Solomon the Wanderer.
How King Solomon met his wife and regained his throne.
by Ilil Arbel, Ph.D.
After Asmodeus, king of the demons, had flung King Solomon in the air away from Jerusalem, the king found himself alone and unrecognized in a strange, far-off land. No one knew him, and as he tried to tell people he was the King of Israel, most people considered him a lunatic. Worse, Asmodeus now had Solomonís protective ring, so the king could not summon the help of beasts or spirits, and had to manage on his own. He decided to start walking back to Israel, hoping that God will restore him to his position when he finally reached his destination and confronted Asmodeus.
For three years he wandered from one strange land to another, eventually coming to places he started to recognize. He either begged for his living or did the occasional odd job, and slowly learned it was best never to tell anyone he was King Solomon. And he learned wisdom during his wanderings, and a new, more humble way of looking at the world. Some of his most famous proverbs were written on this painful road. For example, at one place he met a man who recognized him. The man was wealthy and respected, and Solomon was delighted to be invited to dinner. But throughout the meal, the insensitive rich man kept talking about the old splendors he remembered from King Solomonís court, commiserated with the kingís exile from such glory, and hinted that he doubted such happiness would ever return. The king was brought to tears over the memories and could not eat. He left the house of the rich man full of sorrow and doubt. The next day, another acquaintance met him -- a poor, humble man. All he could offer the king was a dish of greens, but he said the right things. He reminded the king that God had a pact with David, Solomonís father, promising that the royal house will live forever. And God never went back on His word. True, He was punishing the King now, but He really cared to punish only those He loved, so that they will learn and improve. And the poor man did not doubt that God would restore the king to his former glory. Solomon left his house renewed and happy, and wrote the famous proverb: "Better is a dinner of herbs where love is, than a stalled ox and hatred therewith."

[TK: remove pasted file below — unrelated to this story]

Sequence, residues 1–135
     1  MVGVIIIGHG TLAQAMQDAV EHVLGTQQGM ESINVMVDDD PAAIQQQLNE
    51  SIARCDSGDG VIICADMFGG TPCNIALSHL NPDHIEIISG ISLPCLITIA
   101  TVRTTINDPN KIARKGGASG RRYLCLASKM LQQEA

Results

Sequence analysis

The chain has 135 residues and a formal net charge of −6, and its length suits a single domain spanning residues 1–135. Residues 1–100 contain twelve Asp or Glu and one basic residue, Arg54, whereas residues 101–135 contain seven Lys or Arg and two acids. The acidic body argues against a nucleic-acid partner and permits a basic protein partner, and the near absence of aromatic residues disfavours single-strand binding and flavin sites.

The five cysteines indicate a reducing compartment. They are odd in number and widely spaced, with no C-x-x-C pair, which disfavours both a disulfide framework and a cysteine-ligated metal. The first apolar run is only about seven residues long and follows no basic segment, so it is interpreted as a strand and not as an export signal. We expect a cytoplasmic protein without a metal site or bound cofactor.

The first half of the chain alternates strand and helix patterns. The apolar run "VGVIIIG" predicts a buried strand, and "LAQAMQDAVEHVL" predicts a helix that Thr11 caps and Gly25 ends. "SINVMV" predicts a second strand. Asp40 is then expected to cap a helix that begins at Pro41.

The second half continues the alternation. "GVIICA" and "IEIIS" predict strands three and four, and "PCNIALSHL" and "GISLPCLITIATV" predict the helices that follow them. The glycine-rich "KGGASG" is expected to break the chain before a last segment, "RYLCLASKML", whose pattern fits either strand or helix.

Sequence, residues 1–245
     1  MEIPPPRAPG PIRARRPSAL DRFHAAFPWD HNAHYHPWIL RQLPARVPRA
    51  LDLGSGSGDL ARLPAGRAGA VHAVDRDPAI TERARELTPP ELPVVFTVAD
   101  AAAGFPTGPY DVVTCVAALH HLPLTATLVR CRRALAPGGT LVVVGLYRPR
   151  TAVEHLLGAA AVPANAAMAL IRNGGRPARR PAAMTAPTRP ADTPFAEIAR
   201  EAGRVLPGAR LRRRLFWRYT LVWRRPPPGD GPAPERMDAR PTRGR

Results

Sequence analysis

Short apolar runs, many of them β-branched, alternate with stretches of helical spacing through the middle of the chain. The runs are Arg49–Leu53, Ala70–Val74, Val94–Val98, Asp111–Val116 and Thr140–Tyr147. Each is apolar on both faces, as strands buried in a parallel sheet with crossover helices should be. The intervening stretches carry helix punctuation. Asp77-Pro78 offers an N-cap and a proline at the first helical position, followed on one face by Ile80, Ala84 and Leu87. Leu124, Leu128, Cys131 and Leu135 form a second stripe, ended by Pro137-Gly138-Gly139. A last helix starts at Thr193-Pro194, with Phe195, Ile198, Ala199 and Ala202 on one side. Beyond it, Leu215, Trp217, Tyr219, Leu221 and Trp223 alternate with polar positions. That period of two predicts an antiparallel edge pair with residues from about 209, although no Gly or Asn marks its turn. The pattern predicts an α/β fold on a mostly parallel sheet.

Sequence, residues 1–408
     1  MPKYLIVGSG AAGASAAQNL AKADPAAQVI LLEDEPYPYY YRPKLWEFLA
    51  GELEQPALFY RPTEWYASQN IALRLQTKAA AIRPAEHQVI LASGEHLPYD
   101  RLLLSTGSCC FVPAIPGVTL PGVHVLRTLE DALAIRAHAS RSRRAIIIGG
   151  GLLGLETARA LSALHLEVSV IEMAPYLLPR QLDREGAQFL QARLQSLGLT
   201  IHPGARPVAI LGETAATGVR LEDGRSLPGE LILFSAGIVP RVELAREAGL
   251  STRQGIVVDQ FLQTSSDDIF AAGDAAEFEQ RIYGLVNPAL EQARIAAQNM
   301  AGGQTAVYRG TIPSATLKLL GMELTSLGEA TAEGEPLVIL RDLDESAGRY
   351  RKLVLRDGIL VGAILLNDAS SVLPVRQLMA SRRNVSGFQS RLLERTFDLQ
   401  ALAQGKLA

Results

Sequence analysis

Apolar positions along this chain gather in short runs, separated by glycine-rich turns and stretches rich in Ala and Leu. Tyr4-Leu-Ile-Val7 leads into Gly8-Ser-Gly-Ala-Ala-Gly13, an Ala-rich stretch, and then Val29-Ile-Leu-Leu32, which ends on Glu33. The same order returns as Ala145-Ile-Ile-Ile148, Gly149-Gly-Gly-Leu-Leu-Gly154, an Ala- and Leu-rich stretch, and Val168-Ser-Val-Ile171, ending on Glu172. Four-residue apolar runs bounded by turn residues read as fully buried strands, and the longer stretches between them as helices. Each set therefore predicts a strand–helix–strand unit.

And so it was. The time of his deliverance was approaching. A very special woman, the Princess Naamah, daughter of the Ammonite king, was destined by God to be the ancestress of the Messiah, who will some day be born as a descendent of the House of David. Therefore, God directed Solomon to the capital city of Ammon. It so happened that the cook at the royal palace needed an assistant, and somehow Solomon was at the right place at the right time and got the job. He showed talent and discipline, eventually was promoted to chief cook, and promptly met the Princess who took personal interest in running the household. And they fell in love.
The Ammonite king was furious, but nothing would persuade Naamah to part from Solomon. In the end the Ammonite king banished the couple to faraway, desert-like dunes. They wandered there for a long time, hungry and miserable, but finally reached a city not far from the sea. With the little money they had with them, Naamah bought a fish for their dinner. She opened the fish to clean it, and inside was a ring. Solomon looked at the ring, transfixed. This was his own protective magic ring, the one taken from him by Asmodeus. The demon obviously decided to throw it into the sea to get rid of it!
Solomon put the ring on his finger, and transported himself and his wife to Jerusalem, where Asmodeus masqueraded as the king for all these years. Wearing the magic ring, he faced the demon and commanded him to assume his true form and leave the palace. Asmodeus had no power to resist the ring, fled the palace, and Solomon returned to his former throne. But not without a price. The sight of Asmodeus in his true form was so incredibly hideous, that the king was terrified by nightmares for the rest of his life, and required his guard to watch his room every night. He also had to make himself known to his new father-in-law, the Ammonite king, which involved an unpleasant trial for the unjust banishing of the "cook" and his wife. But Solomon emerged from his own trials as a wiser and more humble man, and he and Naamah established the line that eventually will bring forth the Messiah.